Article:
Causes of unemployment are: 1: Over Population 2: Break down of the family system 3: Rural/Urban Migration
unemployment simply means, in the situation where by people are looking for a job and their could achieve it.
suppose you're the economist of ethiopia; when the country is face high rate of inflation what you recommend as one economist?
Roba Reply
if consumer spend all their incomes on consumption what does it mean?
if the government spends more of its revenue on development infrastructure from the budget it have and lower tax collection the budget deficit will run why?
because tax is less than revenue
what is demand
Sunday Reply
Demand is the quantity of goods and services that consumers are willing and able to purchase at various prices over a given period of time
the total value of goods and services produced by a coutry in it's own territorial area( mainly in a year) is called GDP
fareeha Reply
GDP- the total value of goods produced and services provided in a country during one year.
What is the formula for propensity to save
there is no formula for propensity to save but it has a two types one is average propensity to save and marginal propensity to save where Apc is equal to saving divide by income and mpc is equal to change in saving due change in income
yes ooo
what is time in economics?
what is gross domestic product
Moonga Reply
what is macroeconomics
Dickison Reply
what is macroeconomics
Majid Reply
what is macroeconomic analysis
Deogratius Reply
Macroeconomics is a branch of the economics that studies how the aggregate economy behaves. In macroeconomics, a variety of economy-wide phenomena is thoroughly examined such as inflation, price levels, rate of growth, national income, gross domestic product (GDP) and changes in unemployment Read m
Macroeconomics is a branch of the economics that studies how the aggregate economy behaves. In macroeconomics, a variety of economy-wide phenomena is thoroughly examined such as inflation, price levels, rate of growth, national income, gross domestic product (GDP) and changes in unemployment
what is wage in economics?
what is economic
Wajeed Reply
Economics is the social science that studies the production, distribution, and consumption of goods and services. Economics focuses on the behaviour and interactions of economic agents and how economies work. 
Economics is the brench of science that deals with the study of human behavior as it related to end or scare means which have alternative used.
Economics is a science that studies human behavior as a relationship between ends and scarce means which have alternative uses
what is inflation
Junaid Reply
Inflation is simply a situation in an economy where there is a persistent rise or increase in the prices of goods and services in a particular year(say current year)
It can still be defined as a situation in an economy where there's a persistent fall in the value of money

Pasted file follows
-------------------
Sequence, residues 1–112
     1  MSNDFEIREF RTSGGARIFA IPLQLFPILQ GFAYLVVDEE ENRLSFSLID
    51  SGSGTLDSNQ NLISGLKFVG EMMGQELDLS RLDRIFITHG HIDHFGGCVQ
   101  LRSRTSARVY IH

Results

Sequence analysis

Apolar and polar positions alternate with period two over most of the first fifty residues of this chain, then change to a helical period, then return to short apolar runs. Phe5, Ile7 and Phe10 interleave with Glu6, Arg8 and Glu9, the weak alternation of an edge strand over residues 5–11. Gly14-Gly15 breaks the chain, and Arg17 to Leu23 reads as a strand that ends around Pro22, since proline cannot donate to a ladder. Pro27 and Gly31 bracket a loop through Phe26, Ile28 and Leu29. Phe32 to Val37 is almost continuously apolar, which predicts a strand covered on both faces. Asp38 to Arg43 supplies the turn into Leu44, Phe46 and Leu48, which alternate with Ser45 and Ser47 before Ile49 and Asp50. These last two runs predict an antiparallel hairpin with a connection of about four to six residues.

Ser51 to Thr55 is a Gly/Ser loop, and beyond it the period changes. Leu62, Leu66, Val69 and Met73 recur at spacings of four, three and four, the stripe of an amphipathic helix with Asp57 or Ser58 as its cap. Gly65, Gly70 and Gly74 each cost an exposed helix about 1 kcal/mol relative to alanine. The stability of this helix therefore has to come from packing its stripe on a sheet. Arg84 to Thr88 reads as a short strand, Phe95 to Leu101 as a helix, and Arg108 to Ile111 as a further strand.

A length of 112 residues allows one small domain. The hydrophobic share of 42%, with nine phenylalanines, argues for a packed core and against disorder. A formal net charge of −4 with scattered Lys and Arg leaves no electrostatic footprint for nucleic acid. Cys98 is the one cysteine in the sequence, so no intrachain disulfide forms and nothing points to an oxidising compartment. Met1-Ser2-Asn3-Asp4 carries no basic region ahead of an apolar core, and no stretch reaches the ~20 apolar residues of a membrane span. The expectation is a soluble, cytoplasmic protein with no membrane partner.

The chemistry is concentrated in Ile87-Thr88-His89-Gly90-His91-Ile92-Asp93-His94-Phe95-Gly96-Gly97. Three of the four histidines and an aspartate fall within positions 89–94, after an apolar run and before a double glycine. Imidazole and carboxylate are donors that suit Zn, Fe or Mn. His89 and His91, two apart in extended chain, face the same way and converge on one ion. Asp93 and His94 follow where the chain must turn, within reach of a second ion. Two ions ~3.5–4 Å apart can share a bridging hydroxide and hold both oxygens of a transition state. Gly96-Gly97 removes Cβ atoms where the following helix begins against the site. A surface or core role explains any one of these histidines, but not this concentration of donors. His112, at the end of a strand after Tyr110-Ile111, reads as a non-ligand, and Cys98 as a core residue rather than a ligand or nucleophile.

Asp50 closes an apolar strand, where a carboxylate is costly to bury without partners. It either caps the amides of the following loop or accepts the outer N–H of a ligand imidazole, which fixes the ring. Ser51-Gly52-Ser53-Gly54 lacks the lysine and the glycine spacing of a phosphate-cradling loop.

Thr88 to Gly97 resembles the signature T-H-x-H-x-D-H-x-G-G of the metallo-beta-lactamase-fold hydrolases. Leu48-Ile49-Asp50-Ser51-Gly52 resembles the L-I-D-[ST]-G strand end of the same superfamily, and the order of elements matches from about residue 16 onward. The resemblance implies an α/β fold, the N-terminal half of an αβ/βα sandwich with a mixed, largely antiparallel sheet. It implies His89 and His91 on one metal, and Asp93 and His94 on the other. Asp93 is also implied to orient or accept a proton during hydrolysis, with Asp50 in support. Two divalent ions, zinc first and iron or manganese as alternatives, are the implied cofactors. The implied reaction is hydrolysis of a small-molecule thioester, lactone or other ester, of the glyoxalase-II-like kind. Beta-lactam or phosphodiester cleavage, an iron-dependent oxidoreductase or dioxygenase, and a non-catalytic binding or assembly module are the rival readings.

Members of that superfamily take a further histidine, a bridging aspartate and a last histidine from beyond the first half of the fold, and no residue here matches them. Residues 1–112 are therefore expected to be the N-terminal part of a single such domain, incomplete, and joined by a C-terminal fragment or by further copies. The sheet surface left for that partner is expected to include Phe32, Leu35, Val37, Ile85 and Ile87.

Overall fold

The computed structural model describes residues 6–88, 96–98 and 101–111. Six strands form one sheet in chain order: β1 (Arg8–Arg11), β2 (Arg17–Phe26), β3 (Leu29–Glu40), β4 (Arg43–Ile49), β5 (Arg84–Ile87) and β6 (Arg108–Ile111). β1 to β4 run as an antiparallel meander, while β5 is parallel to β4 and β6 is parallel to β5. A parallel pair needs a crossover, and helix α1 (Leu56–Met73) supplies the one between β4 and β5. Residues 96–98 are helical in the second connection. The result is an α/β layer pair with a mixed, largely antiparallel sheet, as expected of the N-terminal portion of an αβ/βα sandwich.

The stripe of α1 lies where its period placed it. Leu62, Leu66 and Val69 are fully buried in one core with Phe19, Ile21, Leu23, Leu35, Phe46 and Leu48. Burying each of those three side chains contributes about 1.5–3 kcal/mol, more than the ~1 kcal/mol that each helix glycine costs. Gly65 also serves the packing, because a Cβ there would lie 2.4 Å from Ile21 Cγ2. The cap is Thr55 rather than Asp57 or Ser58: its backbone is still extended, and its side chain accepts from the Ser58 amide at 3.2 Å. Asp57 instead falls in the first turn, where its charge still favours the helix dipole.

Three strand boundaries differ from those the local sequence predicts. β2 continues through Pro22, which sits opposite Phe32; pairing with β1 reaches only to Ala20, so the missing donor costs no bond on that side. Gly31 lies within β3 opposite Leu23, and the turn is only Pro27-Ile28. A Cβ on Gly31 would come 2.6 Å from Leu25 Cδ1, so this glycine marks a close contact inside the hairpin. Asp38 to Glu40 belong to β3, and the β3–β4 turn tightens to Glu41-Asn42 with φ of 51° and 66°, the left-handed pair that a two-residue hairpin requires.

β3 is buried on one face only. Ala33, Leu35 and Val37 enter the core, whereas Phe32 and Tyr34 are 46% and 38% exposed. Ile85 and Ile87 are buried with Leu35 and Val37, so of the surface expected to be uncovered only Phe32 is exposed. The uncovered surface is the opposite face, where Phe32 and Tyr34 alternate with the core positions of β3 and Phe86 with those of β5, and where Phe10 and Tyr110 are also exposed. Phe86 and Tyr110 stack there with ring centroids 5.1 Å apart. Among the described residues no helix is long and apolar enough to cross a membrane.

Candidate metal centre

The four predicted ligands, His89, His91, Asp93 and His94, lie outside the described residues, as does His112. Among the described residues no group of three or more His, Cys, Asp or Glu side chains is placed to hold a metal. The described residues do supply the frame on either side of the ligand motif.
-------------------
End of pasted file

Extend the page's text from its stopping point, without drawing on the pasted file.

it is the persistent rise in the general price of goods and services in an economy leading to the fall in the values of money
It could mean the central bank has a deficit in reserve unable to cope with low export and exit of foreign investments.
inflation is the general increase in a commodity with in a country.
Mr Fallah please take the definition again that one is not clear
the persistence in general price of commodities
The persistence rise in the general price level
The persistence rise in general price of commodities
what is willingness
Bilal Reply
Is a person Able,Capable and Anxious to something
Is when a person is able,capable and Anxious to do something
thanks sir g.
u are welcome
where you from
And you
How far are you in Education
who about my question What is MPC
is marginal propensity to consume
a little more
sorry muafue sir you are little bit wrong about willingness *willingness reffers how much wants . it could be wants for payment or wants for something to do.
MPC reffers *How much want to consume*.
MPC is Marginal Propensity to Consume. MPC is proportion of additional spent on consumption.
MPC is Marginal Propensity to Consume. MPC is the proportion of additional income spent on consumption.
What is difference between GNP and GDP?
GNP is gross national product. In calculating GNP we include net national income from abroad while GDP is gross domestic product and in calculating it we use on expenditure, income and output from within the country. My name is JERRY NGONDA from Cameron
GNP.the total value of good $service currently produce w a given period of time by domestic owner GNP=NFI+GDP:GDP is a market value of final good $service currently produce in a given period of time w in a country boundery or territors.its take produce currently $etc
yes.no suggestions
good Tade Feyera
Tade Feyera can you send me your whatsap contact number.
when spending by the federal government exceeds net taxes?
stefany Reply
explain the difference between macroeconomics and microeconomics
Macroeconomics is the study of economics at the aggregate level while Micro is at the individual level.
Both indifference curve and isoquant do not intersect TRUE OR FALSE and justify your statement
what is long run and short run period

Get the best Macroeconomics course in your pocket!

Source:  OpenStax, Macroeconomics. OpenStax CNX. Jun 16, 2014 Download for free at http://legacy.cnx.org/content/col11626/1.10
Google Play and the Google Play logo are trademarks of Google Inc.

Notification Switch

Would you like to follow the 'Macroeconomics' conversation and receive update notifications?